Voters reject party choices

PUBLISHED : Sunday, 23 April, 2000, 12:00am
UPDATED : Sunday, 23 April, 2000, 12:00am

VOTERS for local-level legislative polls in Beijing have snubbed a number of candidates nominated by the Communist Party.

Party back-up no longer automatically guaranteed victory in village and township-level polls, according to a report by Zhang Xuming, an official of the Standing Committee of the Beijing Municipal People's Congress.

The official China News Service reported that 45 party nominees lost in polls between November last year and February. By contrast, 33 deputies chosen were originally not on the official list of nominations.

Candidates who were found to be work-shy or failed to speak up for voters now stood a slim chance, Mr Zhang was quoted as saying in his report.

Demands for conversations with candidates had also become common, although these meetings needed to be improved, said Mr Zhang at the end of a two-day session of the Standing Committee on Friday.

Mr Zhang said in just-completed polls, ballots had to be cast more than once in 150 constituencies. He did not say why the results of the first voting were invalidated. In addition, breaches of electoral rules were reported in 10 other constituencies, while in six constituencies the victors fell short of the number of deputies required.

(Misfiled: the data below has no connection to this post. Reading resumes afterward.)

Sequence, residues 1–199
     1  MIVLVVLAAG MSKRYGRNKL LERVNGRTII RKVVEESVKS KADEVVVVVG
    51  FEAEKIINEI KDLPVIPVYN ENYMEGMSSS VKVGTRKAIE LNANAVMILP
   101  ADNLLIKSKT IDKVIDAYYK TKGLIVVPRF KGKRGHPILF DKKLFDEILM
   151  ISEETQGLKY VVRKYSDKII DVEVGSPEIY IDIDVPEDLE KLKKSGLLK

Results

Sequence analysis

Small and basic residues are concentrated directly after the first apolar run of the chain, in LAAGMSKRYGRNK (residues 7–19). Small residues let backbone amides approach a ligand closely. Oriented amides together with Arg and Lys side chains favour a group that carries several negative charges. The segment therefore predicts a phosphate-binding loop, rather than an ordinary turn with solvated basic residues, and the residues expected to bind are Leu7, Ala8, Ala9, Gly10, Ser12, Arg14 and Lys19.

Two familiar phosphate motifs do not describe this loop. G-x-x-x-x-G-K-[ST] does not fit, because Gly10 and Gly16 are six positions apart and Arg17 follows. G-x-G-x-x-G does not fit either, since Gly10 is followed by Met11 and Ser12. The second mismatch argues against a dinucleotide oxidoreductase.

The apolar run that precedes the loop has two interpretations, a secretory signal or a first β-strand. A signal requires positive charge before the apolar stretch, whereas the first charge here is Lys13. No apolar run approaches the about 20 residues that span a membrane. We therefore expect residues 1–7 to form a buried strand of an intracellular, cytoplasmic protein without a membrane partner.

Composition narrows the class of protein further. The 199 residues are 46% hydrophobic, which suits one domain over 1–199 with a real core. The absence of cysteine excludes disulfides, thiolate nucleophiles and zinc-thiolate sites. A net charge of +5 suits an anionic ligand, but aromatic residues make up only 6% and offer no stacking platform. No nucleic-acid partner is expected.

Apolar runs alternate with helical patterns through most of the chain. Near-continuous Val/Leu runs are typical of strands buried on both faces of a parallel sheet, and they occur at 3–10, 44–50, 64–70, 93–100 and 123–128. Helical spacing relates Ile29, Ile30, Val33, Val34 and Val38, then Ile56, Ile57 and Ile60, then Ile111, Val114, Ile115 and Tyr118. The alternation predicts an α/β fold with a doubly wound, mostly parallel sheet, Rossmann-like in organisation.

More than 2.76 million voters from 224 suburban towns and townships in the Beijing area cast their votes and returned altogether 11,677 new deputies for the village and township-level people's congresses.

In his report, Mr Zhang called for reforms of the voter registration methods. It was the first suggestion of changes to the system by a leading official.

In mainland China, the authorities register voters and then define constituencies on people's residence cards. However, with the development of the market economy, more and more population shifts are taking place, and the registration of voters has become a headache for officials.

Mr Zhang predicted that the difficulty would become even greater.

Beijing has staged three direct elections since 1996, one for people's deputies at the level of county and district and two for those at the level of town and township.